THE skies got a little friendlier last year, and Americans complained less often about the service they received from the nation's airlines. But if other carriers follow Spirit Airlines' decision to charge passengers for carry-on luggage, all bets may be off.
An annual report prepared by two professors - one from Purdue University, the other from Wichita State University - rates the quality of service provided by the nation's 18 busiest airlines based on on-time performance, lost or mishandled baggage, denied boardings, and customer complaints. Hawaiian Airlines finished at the top of the list for the second year in a row, followed by Airtran, JetBlue, and Northwest. Last on the list was American Eagle, a regional affiliate of American Airlines. Just above American Eagle were Atlantic Southeast and Comair, both owned by Delta, which finished fourth from the bottom.
In general, more American carriers ran on schedule in 2009 than the year before, and fewer airlines lost passengers' bags. On the negative side, a slightly higher percentage of people were bumped from flights, but customers overall were more satisfied with service, resulting in a downtick in complaints.
But there could be clouds on the horizon.
Last week, Spirit Airlines announced it was going to start charging customers $20 to $45 for most carry-on luggage. Spirit says it will soften the blow by exempting some items and reducing ticket prices, and claimed the new fee actually will be a boon for travelers because fewer carry-on items will speed up boarding and deplaning.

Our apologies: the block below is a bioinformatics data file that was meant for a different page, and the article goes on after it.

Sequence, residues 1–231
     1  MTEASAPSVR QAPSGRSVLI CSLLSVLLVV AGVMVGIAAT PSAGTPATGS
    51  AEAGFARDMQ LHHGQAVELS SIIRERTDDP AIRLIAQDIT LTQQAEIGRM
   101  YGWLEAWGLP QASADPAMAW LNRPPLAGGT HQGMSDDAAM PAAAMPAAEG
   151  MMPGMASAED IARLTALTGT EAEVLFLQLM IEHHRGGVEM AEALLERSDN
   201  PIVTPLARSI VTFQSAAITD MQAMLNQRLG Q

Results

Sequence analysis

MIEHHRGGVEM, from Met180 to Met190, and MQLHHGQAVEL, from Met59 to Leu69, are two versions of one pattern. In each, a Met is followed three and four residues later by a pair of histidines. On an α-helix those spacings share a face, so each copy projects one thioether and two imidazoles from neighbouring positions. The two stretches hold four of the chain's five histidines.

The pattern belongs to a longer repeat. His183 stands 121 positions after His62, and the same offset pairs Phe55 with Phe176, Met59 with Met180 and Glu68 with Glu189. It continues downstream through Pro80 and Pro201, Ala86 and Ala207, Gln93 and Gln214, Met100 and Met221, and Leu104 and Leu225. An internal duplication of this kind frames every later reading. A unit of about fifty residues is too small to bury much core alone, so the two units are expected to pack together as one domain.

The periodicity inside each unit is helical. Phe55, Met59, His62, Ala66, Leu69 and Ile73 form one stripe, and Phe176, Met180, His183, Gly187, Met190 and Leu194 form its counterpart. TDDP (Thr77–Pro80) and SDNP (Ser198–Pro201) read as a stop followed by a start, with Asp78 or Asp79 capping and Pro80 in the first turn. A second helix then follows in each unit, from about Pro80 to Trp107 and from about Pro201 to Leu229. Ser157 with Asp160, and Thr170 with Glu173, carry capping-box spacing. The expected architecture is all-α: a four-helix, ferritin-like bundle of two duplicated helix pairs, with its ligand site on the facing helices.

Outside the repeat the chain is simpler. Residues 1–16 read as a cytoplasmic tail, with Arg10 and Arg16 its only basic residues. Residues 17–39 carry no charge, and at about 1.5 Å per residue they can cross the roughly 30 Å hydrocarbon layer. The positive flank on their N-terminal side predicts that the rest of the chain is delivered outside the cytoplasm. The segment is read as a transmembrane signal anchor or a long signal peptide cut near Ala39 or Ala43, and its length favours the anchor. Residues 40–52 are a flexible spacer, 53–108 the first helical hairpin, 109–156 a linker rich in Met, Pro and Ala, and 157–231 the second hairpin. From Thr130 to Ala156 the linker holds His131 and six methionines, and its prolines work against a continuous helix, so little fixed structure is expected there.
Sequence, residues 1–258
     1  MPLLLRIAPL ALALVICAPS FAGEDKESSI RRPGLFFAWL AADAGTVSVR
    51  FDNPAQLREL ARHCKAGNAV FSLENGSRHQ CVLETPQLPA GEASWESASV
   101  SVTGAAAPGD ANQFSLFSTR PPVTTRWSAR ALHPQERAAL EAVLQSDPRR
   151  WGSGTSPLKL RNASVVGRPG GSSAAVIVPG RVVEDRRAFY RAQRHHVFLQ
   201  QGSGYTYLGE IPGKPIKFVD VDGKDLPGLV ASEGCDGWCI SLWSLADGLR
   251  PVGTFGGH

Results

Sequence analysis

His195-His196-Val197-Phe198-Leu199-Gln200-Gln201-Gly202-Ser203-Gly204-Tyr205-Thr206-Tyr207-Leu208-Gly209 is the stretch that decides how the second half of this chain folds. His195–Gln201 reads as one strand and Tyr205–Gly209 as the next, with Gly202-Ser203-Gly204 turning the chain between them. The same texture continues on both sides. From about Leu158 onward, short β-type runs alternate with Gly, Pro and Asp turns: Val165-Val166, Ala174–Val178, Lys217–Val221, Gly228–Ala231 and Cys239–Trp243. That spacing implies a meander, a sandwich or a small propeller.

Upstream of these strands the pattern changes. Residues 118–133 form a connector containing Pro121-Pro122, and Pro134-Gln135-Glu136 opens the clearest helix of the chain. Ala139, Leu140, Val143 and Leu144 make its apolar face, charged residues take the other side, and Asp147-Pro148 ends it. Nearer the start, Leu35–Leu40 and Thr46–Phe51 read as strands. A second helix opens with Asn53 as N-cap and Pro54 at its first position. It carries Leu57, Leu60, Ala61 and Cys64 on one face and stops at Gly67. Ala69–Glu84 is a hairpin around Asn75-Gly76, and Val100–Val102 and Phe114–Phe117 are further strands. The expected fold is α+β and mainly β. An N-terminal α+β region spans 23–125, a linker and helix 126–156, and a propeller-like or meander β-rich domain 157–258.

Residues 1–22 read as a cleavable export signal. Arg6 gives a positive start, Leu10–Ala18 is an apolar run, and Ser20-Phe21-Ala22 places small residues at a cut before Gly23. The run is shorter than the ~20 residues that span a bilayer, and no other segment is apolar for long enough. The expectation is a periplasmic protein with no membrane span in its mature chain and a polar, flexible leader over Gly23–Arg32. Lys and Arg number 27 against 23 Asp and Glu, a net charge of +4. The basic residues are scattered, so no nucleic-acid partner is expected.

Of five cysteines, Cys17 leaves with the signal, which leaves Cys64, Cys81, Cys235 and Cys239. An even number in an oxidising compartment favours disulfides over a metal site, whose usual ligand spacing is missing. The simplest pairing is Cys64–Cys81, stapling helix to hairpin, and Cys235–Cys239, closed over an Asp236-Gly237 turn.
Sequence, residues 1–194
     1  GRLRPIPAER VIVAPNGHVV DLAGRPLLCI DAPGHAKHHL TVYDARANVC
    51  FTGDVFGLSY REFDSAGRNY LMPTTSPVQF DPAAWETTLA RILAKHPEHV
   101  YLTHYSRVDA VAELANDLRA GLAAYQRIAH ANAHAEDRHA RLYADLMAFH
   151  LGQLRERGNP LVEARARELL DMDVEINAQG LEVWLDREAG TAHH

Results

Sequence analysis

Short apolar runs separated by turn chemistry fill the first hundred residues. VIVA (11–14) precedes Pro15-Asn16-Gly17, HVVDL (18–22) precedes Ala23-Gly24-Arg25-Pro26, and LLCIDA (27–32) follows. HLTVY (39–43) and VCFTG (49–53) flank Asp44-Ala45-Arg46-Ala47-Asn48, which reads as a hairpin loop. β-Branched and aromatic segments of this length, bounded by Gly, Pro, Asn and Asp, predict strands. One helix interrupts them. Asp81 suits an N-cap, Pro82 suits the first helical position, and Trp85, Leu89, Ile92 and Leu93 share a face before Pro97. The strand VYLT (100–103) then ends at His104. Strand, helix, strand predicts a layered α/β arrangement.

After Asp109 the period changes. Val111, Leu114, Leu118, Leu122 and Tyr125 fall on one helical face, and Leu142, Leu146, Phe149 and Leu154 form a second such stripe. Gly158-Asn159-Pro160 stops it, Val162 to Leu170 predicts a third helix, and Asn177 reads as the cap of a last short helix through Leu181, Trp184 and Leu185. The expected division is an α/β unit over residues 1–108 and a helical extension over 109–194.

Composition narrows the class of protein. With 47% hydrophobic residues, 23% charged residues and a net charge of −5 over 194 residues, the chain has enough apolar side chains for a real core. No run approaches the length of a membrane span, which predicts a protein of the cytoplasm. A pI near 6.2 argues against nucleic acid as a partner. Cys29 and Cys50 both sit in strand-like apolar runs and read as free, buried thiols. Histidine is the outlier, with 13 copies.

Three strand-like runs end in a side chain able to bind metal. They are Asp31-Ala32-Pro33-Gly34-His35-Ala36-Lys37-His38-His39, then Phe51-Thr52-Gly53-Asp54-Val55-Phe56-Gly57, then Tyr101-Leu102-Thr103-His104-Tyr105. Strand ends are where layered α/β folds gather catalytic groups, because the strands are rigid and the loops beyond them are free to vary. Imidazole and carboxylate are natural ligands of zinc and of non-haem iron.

Passengers still will be allowed a free bag if it fits under the seat, meaning that foot space between rows soon will overwhelmed by passengers pushing the limits of what can fit under an airline seat. Making already-tight seating spaces even more crowded doesn't sound like a formula for pleasant flights.
It's not known whether other carriers will follow Spirit's lead, or how passengers - often charged already for everything from pillows to preferred seating - will react. But Sen. Charles Schumer (D., N.Y.) has called on the U.S. Treasury Department to rule that carry-on bags are a necessary part of travel and therefore included in ticket prices.
Spirit may well discover that this idea just isn't going to fly.